CLATTER, klat'[.e]r, _n._ a repeated rattling noise: a repetition of abrupt, sharp sounds: noisy talk: (_Burns_) gossip.--_v.i._ to make rattling sounds: to rattle with the tongue: to talk fast and idly.--_v.t._ to strike so as to produce a rattling.--_adv._ CLATT'ERINGLY. [Acc. to Skeat, _clatter_ = _clacker_, a freq. of CLACK.]
CLAUDE LORRAINE GLASS, _n._ a convex mirror, usually coloured, employed for viewing landscape. [Named after the painter _Claude Lorraine_ (1600-82).]
CLAUDIAN, klaw'di-an, _adj._ pertaining to the Roman emperors of the _Claudian_ gens (Tiberius, Caligula, Claudius, Nero), or their period (14-68 A.D.).
CLAUDICATION, klaw-di-k[=a]'shun, _n._ a halting, a limp. [L.,--_claudus_, lame.]
CLAUGHT, klaht, _v.t._ (_Scot._) to snatch.--_n._ a hold, catch. [Cf.
CLAUSE, klawz, _n._ a sentence or part of a sentence: an article or part of a contract, will, &c.--_adj._ CLAUS'ULAR, pertaining to, or consisting of, a clause or clauses. [Fr. _clause_--L. _clausus_--_claud[)e]re_, to shut.]
CLAUSTRAL, klaws'tral, _adj._ cloistral, secluded, pertaining to a claustrum.--_ns._ CLAUSTR[=A]'TION, the act of shutting in a cloister; CLAUSTROPH[=O]'BIA, a morbid dread of confined places.--_adj._ CLAUSTROPHOB'IC.
CLAUSTRUM, klaws'trum, _n._ a thin layer of gray matter in the substance of the hemispheres of the brain:--_pl._ CLAUS'TRA. [L.]
CLAUT, klat, _n._ a kind of rake: (_Scot._) what is raked, a rakeful.--_v.t._ to scratch, claw.--_n.pl._ CLATS, slops.--_adj._ CLAT'TY, dirty. [Perh. conn. with CLAW.]
CLAVATE, -D, kl[=a]'v[=a]t, -ed, _adj._ (_bot._) club-shaped: gradually thickening to the top.--_n._ CLAV[=A]'TION, articulation in a socket.--_adjs._ CLAV'ELLATE, having club-shaped processes; CLAV'IFORM, in the form of a club.--_n._ CLAV'IGER, a club-bearer.--_adj._ CLAVIG'EROUS, club-bearing. [From L. _clava_, a club.]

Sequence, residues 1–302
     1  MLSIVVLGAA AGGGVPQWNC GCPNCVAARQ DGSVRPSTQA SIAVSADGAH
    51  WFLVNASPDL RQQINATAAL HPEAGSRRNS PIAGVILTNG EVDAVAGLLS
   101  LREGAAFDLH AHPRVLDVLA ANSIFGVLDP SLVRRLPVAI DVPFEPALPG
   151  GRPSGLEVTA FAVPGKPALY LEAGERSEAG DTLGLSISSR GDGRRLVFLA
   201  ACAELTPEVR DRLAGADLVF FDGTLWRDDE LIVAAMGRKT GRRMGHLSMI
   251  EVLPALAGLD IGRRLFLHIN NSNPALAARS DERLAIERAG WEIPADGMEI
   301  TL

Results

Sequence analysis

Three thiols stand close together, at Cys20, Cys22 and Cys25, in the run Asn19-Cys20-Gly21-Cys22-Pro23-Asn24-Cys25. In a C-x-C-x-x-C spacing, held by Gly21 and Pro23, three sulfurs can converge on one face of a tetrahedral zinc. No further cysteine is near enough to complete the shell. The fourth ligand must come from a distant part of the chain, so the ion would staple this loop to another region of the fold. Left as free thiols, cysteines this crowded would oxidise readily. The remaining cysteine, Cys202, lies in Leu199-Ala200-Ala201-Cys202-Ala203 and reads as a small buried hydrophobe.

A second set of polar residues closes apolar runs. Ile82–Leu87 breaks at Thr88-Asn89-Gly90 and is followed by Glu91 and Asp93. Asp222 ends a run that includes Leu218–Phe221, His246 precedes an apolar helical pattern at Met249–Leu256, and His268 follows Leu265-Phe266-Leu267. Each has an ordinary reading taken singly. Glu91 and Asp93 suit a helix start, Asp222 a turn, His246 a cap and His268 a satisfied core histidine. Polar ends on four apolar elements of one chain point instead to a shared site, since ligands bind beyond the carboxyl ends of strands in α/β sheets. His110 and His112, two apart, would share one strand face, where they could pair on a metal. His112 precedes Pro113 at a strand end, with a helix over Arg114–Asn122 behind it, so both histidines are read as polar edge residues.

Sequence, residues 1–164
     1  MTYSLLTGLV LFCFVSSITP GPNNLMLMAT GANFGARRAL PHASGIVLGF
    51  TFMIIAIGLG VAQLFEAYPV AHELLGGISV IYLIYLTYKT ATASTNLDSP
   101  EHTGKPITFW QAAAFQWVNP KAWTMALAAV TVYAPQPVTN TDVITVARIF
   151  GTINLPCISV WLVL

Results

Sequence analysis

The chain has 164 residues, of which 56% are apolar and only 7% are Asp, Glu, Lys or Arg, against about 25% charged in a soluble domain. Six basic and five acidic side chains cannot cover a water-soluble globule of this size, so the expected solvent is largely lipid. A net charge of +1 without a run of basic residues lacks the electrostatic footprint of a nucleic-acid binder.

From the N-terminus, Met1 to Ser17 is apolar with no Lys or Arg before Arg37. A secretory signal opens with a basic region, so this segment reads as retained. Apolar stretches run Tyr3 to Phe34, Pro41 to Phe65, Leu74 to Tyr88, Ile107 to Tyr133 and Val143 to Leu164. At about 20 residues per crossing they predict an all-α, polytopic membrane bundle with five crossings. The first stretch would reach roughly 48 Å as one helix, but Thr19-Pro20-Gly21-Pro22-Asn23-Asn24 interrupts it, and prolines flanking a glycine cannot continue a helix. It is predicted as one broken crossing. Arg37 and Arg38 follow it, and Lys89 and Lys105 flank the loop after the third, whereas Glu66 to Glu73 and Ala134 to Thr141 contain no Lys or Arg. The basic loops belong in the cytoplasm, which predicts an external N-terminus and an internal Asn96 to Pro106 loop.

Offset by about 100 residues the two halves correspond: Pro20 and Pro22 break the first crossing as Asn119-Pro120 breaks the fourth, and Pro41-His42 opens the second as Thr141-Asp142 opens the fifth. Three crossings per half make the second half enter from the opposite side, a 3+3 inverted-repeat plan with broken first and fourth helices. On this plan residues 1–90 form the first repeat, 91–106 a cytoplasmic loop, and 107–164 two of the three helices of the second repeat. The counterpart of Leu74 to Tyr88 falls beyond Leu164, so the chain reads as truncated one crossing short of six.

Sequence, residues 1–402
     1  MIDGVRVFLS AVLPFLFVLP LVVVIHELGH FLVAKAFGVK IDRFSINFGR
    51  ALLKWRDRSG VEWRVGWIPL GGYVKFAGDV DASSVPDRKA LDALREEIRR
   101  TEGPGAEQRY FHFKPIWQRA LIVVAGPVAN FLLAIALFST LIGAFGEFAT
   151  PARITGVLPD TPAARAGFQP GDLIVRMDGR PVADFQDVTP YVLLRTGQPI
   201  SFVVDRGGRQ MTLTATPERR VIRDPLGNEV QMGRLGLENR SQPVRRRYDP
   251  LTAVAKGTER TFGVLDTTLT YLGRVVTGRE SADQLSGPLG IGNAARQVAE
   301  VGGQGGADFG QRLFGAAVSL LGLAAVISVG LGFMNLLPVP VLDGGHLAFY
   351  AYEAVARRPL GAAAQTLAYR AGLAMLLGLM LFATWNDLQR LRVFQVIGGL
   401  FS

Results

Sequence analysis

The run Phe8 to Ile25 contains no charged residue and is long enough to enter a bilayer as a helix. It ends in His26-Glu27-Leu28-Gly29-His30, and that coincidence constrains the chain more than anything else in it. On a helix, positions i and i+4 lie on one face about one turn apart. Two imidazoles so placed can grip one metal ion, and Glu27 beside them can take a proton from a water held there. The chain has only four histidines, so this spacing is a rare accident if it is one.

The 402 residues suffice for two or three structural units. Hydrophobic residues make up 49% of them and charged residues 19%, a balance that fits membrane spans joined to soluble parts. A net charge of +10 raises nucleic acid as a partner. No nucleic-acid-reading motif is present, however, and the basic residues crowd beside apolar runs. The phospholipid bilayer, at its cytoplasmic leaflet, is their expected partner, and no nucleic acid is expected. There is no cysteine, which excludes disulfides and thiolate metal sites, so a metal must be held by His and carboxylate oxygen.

CLAVE, kl[=a]v, _pa.t._ of CLEAVE.
CLAVECIN, klav'e-sin, _n._ a harpsichord.--_n._ CLAV'ECINIST (_Browning_), a player on the clavecin. [Fr. _clavecin_--L. _clavis_, a key.]
CLAVER, kl[=a]'v[.e]r, _n._ idle talk, gossip.--_v.i._ to talk idly.
[Scotch; der. uncertain; cf. Gael. _clabaire_.]
CLAVICHORD, klav'i-kord, _n._ an obsolete musical instrument, of the same form as the _Harpsichord_ and _Spinet_.--_n._ CLAV'IHARP, a harp struck with keys like a piano. [L. _clavis_, a key, _chorda_, a string.]
CLAVICLE, klav'i-kl, _n._ an important part of the pectoral girdle of vertebrates, best known in the collar-bone of man and in the merry-thought of birds--also CLAVIC'ULA.--_adj._ CLAVIC'ULAR. [Fr. _clavicule_--L.
_clavicula_, dim. of _clavis_, a key.]
CLAVICORN, klav'i-korn, _adj._ having clavate antennae.--_n._ a member of the _Clavicornia_, a group of _Coleoptera_ or beetles. [L. _clava_, a club, _cornu_, a horn.]
CLAVIER, kla-v[=e]r', _n._ the keyboard of a musical instrument: a stringed instrument, esp. the pianoforte. [Fr.,--L. _clavis_, a key.]
CLAVIS, kl[)a]'vis, _n._ a key, hence a clue or aid for solving problems, interpreting a cipher, &c.:--_pl._ CL[=A]'VES.--_n._ CLAV'IGER, one who keeps a key, a custodian.--_adj._ CLAVIG'EROUS, keeping keys. [L., a key.]
CLAW, klaw, _n._ the hooked nail of a beast or bird: the whole foot of an animal with hooked nails: anything like a claw: an instrument shaped like a claw.--_v.t._ to scratch or tear as with the claws or nails: to scrape; to seize: (_fig._) to flatter, fawn on.--_n._ CLAW'BACK, a toady, flatterer.--_adj._ CLAWED, having claws.--_ns._ CLAW-HAMM'ER, a hammer with one part of the head divided into two claws, with which to extract nails; CLAW'-HAMM'ER-COAT, a facetious name for a dress-coat.--_adj._ CLAW'LESS.--CLAW ME AND I'LL CLAW THEE, favour me and I shall do you good in return. [A.S. _clawu_; cog. with Ger. _klaue_; akin to CLEAVE, to stick.]